cheap t8's

thepodpiperFebruary 25, 2007

The lowes store in my area has off brand t8's for very cheap will I get the same out of these as I would the cheap t12's. I understand that it is all in the lumens maintenance hours and so on but i am already using the cheapest t12's I can find and my seedlings are doing great so if i can use a 1.00 t8 vs a 2.00 t12 and get the same results I would be happy. Thanks, Dale

Thank you for reporting this comment. Undo
shrubs_n_bulbs(z8/9 UK)

Most likely they will work and give out more or less the same light as the T12s.

- make sure the T8s will go in your fittings (look at the pins at the end)
- there is a small risk they won't light (probably will be OK if the pins are compatible)
- and you're wasting money/light buying the cheapest tubes ($1 tubes get dimmer after a thousand hours or so, $3 tubes run at full brightness for 20,000 hours)

    Bookmark   February 25, 2007 at 1:39PM
Thank you for reporting this comment. Undo

shrubs_n_bulbs, what # on a package of bulbs determines how fast the bulb will lose its brightness. dale

    Bookmark   February 25, 2007 at 3:27PM
Thank you for reporting this comment. Undo
shrubs_n_bulbs(z8/9 UK)

Dale, this information is often not shown, or not shown prominently. It may be listed as lumen depreciation but usually not since that doesn't "sound good". You will find a note on the better tubes to the effect that they lose less than 10% or less than 5% of their brightness. You will commonly find a term called "mean lumens" in tube specs, this is the output at 40% (I think) of lamp life. You want a number that is as close to the "initial lumens" as possible. It is fairly easy to find mean lumens at 95% of initial lumens in a T8 fluorescent tubes. A very long life, which is always listed, is a good sign. Look for something quoting higher than 20,000 hours and you will almost certainly have very good lumen maintenance.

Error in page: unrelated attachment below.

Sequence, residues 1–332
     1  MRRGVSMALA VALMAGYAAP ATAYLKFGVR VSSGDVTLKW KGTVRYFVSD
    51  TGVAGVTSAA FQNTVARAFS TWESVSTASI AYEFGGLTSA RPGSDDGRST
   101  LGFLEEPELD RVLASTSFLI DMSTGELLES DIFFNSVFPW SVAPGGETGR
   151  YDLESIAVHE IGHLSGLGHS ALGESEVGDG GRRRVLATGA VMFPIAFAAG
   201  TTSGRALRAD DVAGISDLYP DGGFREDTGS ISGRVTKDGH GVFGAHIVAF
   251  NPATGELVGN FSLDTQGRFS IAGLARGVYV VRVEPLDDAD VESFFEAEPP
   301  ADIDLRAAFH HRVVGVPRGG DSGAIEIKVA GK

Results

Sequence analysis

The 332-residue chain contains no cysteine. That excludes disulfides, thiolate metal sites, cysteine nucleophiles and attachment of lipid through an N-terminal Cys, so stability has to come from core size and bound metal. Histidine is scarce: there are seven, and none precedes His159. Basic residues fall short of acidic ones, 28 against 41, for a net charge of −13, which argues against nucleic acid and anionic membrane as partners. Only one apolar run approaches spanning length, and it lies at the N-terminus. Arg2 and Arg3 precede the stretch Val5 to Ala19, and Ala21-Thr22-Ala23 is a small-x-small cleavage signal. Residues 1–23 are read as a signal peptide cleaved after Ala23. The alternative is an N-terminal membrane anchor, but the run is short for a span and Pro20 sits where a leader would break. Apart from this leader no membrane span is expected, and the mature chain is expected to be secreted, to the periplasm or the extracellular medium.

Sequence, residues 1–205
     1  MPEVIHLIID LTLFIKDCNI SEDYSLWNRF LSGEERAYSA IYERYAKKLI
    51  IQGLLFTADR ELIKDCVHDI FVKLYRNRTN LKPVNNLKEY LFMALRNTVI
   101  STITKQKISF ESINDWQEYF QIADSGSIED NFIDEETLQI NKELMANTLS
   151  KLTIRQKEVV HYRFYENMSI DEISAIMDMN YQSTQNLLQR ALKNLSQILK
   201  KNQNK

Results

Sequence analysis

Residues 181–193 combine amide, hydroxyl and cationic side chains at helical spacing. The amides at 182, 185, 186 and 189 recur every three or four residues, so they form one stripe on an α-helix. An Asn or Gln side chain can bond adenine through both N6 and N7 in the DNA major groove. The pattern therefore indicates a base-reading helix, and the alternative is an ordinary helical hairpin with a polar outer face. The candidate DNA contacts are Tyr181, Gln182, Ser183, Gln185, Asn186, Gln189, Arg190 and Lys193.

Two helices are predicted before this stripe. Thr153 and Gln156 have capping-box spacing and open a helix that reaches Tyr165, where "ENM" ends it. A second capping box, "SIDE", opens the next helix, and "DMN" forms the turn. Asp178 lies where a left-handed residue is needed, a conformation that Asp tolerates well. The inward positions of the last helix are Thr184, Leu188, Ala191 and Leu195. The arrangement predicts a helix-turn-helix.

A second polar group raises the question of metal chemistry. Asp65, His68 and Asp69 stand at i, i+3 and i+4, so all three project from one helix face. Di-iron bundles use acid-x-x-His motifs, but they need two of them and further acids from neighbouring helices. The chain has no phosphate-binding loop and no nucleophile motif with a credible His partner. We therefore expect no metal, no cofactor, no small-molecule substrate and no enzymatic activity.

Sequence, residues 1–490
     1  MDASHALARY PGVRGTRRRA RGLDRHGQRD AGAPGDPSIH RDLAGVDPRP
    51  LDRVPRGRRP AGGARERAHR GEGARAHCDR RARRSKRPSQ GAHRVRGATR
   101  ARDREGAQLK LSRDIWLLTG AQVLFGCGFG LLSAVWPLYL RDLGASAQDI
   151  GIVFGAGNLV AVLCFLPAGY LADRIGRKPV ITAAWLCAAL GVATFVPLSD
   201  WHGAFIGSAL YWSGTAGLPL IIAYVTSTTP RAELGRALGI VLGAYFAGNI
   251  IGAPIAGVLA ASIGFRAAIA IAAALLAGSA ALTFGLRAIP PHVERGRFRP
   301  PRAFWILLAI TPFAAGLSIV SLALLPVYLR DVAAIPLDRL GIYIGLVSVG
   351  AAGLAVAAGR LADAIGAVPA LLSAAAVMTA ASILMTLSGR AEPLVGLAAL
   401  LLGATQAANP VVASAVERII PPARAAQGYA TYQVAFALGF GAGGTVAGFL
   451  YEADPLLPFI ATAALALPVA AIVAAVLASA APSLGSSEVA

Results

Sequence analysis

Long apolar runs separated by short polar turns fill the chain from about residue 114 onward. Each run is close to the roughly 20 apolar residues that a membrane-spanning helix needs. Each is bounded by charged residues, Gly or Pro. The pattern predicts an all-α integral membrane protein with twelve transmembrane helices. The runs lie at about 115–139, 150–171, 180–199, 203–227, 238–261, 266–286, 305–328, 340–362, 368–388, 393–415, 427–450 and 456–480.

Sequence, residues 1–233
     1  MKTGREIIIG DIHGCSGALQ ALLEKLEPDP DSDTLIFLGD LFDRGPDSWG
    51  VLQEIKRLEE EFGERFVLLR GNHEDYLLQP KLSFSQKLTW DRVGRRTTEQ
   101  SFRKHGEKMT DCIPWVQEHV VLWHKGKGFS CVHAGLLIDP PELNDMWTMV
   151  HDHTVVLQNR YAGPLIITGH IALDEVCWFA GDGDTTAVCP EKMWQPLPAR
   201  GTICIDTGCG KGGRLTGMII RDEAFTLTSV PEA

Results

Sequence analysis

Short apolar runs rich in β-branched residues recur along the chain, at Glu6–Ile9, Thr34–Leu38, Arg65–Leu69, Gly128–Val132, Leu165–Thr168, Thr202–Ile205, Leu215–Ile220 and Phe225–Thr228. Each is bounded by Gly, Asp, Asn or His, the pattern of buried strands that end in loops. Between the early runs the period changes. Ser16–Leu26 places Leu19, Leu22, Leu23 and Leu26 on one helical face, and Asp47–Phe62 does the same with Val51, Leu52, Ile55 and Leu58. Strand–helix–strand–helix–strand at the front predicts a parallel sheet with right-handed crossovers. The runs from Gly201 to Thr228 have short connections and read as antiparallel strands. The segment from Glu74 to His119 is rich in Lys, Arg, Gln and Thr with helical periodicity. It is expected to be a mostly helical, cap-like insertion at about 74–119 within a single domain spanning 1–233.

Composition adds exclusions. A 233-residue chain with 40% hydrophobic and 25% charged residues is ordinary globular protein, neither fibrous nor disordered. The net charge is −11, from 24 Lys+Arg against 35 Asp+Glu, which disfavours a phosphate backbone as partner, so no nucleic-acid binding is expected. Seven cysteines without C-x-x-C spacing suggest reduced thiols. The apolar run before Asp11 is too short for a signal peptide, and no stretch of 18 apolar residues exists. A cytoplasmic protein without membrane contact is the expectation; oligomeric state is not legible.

All this often ignored because even a 30% drop in brightness is hardly noticeable to our adaptable eyes, but it is very significant to a plant. Fluorecent plant lights have traditionally been discarded once they lose, say 20% of their light. In practice they were just swapped out every six months or a year. Using a tube that maintains 95% of full light output right until it fails means you just run the tube until it fails which might be 5 years or more.

    Bookmark   February 26, 2007 at 7:12AM
Sign Up to comment
More Discussions
Browning and drying avocado leaves
I've been growing two avocado plants for about 10 months...
More beautiful plumeria blossoms under grow lights
More proof that grow lights work! I planted this plumeria...
heat mats and growing plants
Is there a reason must you move plants off of the heat...
Correcting Lighting Later?
Hello, I am germinating Palmer amaranth for an experiment...
Dwarf Papaya growing and blooming under grow lights
Here are a couple pics of dwarf papaya plants that...
© 2015 Houzz Inc. Houzz® The new way to design your home™